Two types of inspiration
It seems to me that there are two ways to inspire: by changing minds and by changing facts.
Inspiration by Changing Minds
This is about getting people to think differently. One approach is to frame the situation differently. Attempts to change the lexicon fall into this camp. Our business isn’t in deep shit, we have “opportunity.” We don’t have weaknesses, we have “development opportunities.” And so on. This can be silly or it can be meaningful. You can look at tough economic times as tough economic times or you can look at the lull in sales as the time to focus on innovation so you’re ready for the upswing.
Another approach is to get people to ignore the situation and focus elsewhere. The general who leads an outmatched army that has raggedy coats and boots in the dead of winter is a good example. The general doesn’t have coats and boots to hand out. But he can remind people that they fight for a cause that is more important than their comfort.
Inspiration by Changing Facts
This is about changing the conditions that are blocking people from being inspired. For example, the general who procures the coats and boots. The corporate executive that changes the policies that are vexing people. [I like to say “vexing.” You should try it.]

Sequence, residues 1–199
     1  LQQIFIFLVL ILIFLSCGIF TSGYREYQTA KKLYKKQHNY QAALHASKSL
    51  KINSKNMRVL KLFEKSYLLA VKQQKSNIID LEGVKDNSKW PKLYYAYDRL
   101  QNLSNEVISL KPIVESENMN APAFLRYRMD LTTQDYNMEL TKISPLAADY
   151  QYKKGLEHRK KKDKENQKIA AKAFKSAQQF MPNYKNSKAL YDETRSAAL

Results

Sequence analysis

Both methods of inspiration have their place and time but I think that too often would-be leaders try to inspire by changing minds when instead they should change facts. I think this is often just laziness to take on the hard work of changing the situation, cowardice to fight the battles that would be required or arrogance that the masses can always be convinced by the right message.
I think two things are required if you want to inspire by changing minds:
1) You must be perceived as unable to change the facts. If the soldiers think you really can get them boots and coats and just won’t, they will be very de-inspired. You will breed only cynicism with this approach if you could change the facts but choose not to.
2) There must be a cause that people truly believe is worth it. Again, don’t fake it. You will breed cynicism. If your company is working on a life-saving drug and you’re strapped for cash and need people to work weekends… then go ahead and inspire them with your important mission. Be open about the fact that you can’t pay them overtime and ask them to help you save lives. But if your mission is to squeeze out one more penny in earnings per share or another tenth of a point of market share, I’m not sure you will succeed here.
Too often people become enamored of their oratorical skills. Don’t fall into this trap. Some situations call for inspirational rhetoric. But others demand that you roll up your sleeves and meaningfully change your corner of the world. It’s hard work. Much harder than giving a rousing speech. But in certain situations, nothing less will work.